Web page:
The standard gift pyramid looks something like this:
However, when development leaders sort through their database they often find their gift “pyramid” looking more like an “hourglass”:
As this graphic suggests, many major gift pipelines are not as robust at the middle gift levels. Why is this the case? Two reasons: First, the annual fund serves as the donor acquisition program so there are many donors at lower amounts. Second, most organizations know their top donors and spend time strategizing on major gift donors and prospects. But many organizations don’t spend the same kind of time on the cultivation, solicitation, and stewardship of mid-level donors. So, what occurs is an hourglass pipeline.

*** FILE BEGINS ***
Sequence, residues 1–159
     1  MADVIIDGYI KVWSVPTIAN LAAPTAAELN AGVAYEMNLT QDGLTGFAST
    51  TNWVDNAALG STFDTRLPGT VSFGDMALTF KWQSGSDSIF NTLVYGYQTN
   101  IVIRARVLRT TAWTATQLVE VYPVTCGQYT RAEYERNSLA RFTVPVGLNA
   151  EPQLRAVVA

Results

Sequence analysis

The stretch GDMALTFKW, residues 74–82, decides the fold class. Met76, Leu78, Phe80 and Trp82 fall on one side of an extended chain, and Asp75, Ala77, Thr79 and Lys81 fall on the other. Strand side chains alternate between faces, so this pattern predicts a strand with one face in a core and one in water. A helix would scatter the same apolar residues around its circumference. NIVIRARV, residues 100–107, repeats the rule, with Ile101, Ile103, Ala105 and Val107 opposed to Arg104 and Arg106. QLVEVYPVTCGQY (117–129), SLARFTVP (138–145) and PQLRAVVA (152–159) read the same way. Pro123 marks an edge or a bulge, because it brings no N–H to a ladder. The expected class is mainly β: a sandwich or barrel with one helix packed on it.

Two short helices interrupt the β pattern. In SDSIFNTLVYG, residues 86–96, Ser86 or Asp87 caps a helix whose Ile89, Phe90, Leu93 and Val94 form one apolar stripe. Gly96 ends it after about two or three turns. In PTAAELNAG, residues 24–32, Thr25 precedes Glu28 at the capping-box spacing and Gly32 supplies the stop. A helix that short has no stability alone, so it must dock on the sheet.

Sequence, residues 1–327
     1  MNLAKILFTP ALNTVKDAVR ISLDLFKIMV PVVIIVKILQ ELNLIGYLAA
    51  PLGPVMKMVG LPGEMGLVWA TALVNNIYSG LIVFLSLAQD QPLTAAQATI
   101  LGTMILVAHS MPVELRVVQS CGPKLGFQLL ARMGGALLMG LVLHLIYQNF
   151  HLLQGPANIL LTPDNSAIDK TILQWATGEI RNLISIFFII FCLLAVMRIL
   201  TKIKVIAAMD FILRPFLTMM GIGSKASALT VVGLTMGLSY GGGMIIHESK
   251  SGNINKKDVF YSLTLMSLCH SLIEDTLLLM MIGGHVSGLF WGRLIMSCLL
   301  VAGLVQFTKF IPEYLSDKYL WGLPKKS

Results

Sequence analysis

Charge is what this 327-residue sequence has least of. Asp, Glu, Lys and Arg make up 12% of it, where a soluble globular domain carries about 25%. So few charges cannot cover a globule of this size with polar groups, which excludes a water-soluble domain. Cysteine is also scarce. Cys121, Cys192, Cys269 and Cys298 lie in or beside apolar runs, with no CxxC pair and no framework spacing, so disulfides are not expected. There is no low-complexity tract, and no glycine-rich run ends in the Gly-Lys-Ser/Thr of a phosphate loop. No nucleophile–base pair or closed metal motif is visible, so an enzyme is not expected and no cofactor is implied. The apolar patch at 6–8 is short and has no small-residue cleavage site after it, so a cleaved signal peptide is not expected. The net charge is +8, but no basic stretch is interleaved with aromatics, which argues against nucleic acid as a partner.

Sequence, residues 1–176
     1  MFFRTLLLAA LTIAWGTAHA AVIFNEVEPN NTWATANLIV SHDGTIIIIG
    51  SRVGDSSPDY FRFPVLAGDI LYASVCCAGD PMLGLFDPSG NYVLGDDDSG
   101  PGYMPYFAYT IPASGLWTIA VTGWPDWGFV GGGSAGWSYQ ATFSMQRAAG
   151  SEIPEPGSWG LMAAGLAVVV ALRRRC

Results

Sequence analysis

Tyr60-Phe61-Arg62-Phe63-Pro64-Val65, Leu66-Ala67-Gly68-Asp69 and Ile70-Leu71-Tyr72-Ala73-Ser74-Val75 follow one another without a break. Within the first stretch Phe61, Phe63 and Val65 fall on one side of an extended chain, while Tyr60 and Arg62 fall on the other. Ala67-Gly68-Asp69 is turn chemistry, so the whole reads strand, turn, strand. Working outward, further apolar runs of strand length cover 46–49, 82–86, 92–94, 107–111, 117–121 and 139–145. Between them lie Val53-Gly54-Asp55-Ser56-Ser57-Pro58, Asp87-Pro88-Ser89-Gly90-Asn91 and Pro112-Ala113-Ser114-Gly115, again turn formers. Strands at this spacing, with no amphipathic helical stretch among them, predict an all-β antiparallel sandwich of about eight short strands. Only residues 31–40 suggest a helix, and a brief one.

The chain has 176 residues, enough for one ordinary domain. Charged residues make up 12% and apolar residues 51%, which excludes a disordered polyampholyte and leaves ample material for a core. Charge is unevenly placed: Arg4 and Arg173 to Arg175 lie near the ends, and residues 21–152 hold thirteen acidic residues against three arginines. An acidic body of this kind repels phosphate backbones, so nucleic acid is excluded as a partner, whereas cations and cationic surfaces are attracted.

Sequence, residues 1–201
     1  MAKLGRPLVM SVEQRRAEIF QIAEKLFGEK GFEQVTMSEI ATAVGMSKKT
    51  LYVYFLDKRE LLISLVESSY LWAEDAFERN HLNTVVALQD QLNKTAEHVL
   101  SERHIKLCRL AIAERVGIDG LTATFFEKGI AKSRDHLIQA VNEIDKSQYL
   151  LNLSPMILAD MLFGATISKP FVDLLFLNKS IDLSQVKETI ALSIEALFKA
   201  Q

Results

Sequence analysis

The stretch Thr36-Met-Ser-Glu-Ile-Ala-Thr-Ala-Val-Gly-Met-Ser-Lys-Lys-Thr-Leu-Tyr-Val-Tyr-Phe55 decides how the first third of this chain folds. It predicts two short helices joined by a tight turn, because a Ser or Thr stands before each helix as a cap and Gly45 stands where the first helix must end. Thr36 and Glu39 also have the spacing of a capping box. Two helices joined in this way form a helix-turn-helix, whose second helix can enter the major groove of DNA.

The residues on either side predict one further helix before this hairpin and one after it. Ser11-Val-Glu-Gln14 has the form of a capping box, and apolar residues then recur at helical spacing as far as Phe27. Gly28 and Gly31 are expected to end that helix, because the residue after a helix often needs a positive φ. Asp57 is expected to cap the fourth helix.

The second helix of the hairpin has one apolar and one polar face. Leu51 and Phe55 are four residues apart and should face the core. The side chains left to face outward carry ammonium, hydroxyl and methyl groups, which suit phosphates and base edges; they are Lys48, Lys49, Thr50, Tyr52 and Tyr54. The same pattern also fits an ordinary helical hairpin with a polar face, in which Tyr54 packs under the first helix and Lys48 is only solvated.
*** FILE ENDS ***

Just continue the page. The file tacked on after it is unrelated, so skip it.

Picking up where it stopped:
What should a healthy prospect chart look like? I suggest one like this:
This “pyramid” shows evidence of a strong donor acquisition program (the base of the figure). As you move up the “pyramid” the only drop-off or “donor melt” occurs because some donors simply do not have the capacity to be at your top giving levels. In other words, to achieve this picture, you must have a vibrant mid-level giving program which identifies and cultivates donors from your donor acquisition program. Such a program keeps the middle portion of the graphic filled with prospects. It builds not a “pyramid” but an “isosceles trapezoid!”
What is the result? Simple – Donors at all levels who feel good about their giving to your organization which leads to more top donor prospects.
The Gift Pyramid is ok, but most organizations will take a Gift Isosceles Trapezoid any day. So, what will you do today to build your Trapezoid?